‘Downhill’ is no ‘Anchorman,’ and audiences have been turning away from Ferrell’s comic films with good reason. The opening wide-shot of the Swiss Alps is all the bliss this film has to offer.
Will Ferrell (left) and Julia Louis-Dreyfus (right) star in the aptly titled ‘Downhill’ (Image courtesy of Searchlight Pictures)
The name “Will Ferrell” has lost its luster in big-screen comedies, and the trend continues with “Downhill.” The SNL alum’s latest effort is no “Anchorman.”
Ferrell’s name was attached to some of the most cringe-worthy comedies of the 2010s. From “The House” to “Holmes & Watson,” audiences have turned away from his work with good reason.
Ferrell joins “Veep” star Julia Louis-Dreyfus, the executive producer/co-star of an American remake of the Swedish film “Force Majeure.” The opening wide-shot of the Swiss Alps is all the bliss this film has to offer, however, as the remaining 85 minutes are a battle of attrition that will test your patience.
Louis-Dreyfus and Ferrell play a vacationing couple, Billie and Pete, who are having vague marital problems. Pete fails to protect his family in a moment of terror when they believe an avalanche is hurtling toward them. Billie and their children must deal with the shattered image of their dad and husband. The conflict becomes so unbearable that no one has earned the audience’s sympathy by the time the credits roll.
“Downhill” ranks low with audiences, a 13 percent audience rating on Rotten Tomatoes, in part because moviegoers were duped into thinking it was another family friendly Will Ferrell laugh-fest. Despite being marketed as a black comedy, there is nothing humorous about this misery porn disguised as entertainment.
Farrell plays a depressed father grieving the loss of his dad while entering a midlife crisis. Louis-Dreyfus is the mother the film’s three screenwriters want you sympathize with but her meltdowns have little motivation behind them, rendering her no better than the husband she blames for all her problems.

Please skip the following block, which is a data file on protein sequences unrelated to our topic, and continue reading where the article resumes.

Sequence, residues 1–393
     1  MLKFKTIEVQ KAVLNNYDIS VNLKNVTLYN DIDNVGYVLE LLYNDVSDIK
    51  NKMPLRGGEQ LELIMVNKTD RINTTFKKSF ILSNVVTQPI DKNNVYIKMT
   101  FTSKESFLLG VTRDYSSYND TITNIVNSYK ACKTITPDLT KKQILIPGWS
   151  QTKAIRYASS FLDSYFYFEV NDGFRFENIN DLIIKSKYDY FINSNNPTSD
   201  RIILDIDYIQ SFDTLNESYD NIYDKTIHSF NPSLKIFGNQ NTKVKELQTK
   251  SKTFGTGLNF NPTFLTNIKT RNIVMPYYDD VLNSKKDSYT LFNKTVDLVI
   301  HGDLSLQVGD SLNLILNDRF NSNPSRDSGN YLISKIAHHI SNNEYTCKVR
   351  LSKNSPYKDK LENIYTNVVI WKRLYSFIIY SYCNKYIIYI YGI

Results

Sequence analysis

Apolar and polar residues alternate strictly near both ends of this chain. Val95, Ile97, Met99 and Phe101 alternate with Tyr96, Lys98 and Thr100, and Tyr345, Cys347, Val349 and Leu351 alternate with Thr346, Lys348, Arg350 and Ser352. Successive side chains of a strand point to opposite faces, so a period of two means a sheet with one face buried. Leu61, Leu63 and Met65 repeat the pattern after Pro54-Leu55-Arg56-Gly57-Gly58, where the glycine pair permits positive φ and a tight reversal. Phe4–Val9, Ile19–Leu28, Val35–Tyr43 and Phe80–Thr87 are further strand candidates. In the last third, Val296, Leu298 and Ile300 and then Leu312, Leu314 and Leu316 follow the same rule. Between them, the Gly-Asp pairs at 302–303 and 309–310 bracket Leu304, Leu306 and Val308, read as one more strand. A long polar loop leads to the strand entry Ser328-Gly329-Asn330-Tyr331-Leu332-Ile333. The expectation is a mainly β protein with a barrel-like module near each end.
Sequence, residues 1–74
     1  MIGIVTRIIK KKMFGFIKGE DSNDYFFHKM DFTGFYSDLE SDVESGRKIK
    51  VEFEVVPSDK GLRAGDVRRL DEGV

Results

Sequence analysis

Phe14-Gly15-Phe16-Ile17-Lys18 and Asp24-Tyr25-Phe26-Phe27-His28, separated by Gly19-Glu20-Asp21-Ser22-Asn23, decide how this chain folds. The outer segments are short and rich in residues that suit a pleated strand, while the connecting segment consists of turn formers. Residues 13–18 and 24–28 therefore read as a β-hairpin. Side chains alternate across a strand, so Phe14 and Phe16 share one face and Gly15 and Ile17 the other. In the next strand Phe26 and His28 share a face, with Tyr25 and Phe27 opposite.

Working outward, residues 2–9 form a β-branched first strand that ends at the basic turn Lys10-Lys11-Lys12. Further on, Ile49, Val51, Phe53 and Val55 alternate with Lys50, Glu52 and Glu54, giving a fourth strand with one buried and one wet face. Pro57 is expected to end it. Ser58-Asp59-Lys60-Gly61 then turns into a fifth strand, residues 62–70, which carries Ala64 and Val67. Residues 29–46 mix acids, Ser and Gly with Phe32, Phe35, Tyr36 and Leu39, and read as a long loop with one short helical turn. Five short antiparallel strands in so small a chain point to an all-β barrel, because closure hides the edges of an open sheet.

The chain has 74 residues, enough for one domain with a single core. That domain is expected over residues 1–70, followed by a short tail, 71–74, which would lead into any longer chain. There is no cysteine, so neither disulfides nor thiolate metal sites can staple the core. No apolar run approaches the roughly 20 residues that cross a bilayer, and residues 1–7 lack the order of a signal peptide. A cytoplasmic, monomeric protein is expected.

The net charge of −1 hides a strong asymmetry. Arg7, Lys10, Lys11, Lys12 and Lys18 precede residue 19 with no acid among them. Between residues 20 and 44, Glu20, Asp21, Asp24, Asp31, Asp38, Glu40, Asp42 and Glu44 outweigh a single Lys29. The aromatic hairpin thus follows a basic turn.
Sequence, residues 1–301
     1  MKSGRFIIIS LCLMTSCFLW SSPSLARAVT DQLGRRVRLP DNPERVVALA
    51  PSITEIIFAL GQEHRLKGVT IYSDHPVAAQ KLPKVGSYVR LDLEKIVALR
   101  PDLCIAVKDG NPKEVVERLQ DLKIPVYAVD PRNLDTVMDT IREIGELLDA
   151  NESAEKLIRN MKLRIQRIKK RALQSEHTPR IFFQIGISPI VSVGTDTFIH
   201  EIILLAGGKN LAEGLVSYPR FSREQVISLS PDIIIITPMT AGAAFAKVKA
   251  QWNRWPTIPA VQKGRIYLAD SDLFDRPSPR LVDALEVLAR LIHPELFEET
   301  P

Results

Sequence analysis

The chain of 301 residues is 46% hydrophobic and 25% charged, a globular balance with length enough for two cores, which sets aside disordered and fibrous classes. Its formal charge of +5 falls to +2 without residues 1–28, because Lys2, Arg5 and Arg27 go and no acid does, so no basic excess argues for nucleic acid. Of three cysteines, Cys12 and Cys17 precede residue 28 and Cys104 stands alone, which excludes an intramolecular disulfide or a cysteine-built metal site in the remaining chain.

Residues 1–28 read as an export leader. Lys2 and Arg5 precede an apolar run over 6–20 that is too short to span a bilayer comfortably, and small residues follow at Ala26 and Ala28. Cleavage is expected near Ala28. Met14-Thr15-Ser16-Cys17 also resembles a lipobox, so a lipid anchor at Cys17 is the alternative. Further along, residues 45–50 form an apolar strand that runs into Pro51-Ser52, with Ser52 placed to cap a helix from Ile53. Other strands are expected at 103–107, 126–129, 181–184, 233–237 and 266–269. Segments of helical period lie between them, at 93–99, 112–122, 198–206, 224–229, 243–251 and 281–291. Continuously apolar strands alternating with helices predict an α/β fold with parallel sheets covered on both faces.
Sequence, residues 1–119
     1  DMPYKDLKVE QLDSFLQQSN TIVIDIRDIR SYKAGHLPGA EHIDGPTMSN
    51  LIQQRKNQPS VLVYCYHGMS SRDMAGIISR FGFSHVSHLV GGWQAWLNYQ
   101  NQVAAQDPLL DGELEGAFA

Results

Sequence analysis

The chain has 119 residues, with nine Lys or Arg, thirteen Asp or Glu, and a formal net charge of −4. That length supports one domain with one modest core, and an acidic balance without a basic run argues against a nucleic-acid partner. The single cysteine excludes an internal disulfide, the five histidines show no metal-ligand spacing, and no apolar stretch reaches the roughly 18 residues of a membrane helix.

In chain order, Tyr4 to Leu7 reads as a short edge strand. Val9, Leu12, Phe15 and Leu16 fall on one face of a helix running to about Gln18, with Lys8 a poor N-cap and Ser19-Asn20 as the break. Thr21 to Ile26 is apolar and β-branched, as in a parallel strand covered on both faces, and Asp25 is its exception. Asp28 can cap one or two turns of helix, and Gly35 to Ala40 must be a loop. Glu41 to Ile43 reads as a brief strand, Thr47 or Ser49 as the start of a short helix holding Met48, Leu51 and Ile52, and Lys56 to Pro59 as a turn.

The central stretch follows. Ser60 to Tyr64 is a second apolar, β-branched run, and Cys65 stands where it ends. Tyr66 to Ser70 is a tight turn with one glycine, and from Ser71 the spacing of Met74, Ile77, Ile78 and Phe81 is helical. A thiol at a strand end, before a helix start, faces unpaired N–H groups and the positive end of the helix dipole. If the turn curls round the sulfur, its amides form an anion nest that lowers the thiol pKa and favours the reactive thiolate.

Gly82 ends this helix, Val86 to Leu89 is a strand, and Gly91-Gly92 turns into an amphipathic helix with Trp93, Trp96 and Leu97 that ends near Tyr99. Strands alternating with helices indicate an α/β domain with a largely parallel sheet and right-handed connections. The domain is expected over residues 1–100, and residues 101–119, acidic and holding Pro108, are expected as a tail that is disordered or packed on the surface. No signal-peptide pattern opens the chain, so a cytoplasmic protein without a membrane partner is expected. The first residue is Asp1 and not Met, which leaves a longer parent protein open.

The avalanche crisis gives Billie carte blanche to run Pete down in front of his friends and their kids, a reaction so out of proportion with the event that she’s rendered two-dimensional.
Billie makes out with a ski instructor and tells him she could have “banged” him through the walls if she wanted to, while her husband cares for their traumatized children on the other side of the resort. The script’s cowardice in avoiding deeper dives into infidelity, grief and parenthood gives this movie no depth outside of Billie’s over-animated grievance against her husband.
Louis-Dreyfus and Ferrell’s style of humor may click with an older audience, but there are no mom/dad jokes here. Instead both actors force audiences to watch the cinematic equivalent of sitting in a car with your parents while they argue on the way to Six Flags, and decide halfway there to turn around and go home—leaving you dissatisfied and miserable.
“Downhill” attempts to address “toxic masculinity” through a well-worn Hollywood tactic: emasculating male characters to absurd degrees. The deeper contrast of how married and dating couples handle conflict is never addressed. An opportunity to dissect the narcissism of creating a dream life through social media is missed.
One manipulative scene has Billie telling Pete “If you don’t like the way I see you, then show me something different.” Lacking a true resolution, the film provides little beyond a bitter taste that lingers as you leave the theater.
“Downhill” will invite comparisons to “Marriage Story.” But despite Hollywood’s recent trend of portraying marriage as a miserable race to the grave, the newer installment is an empty-calorie version of the older, a nihilistic vision of wedded life that the studio believed was the perfect film to drop during the most romantic time of the year.
See or skip: “Downhill” manages to undershoot the low expectations of a Will Ferrell comedy by a country mile.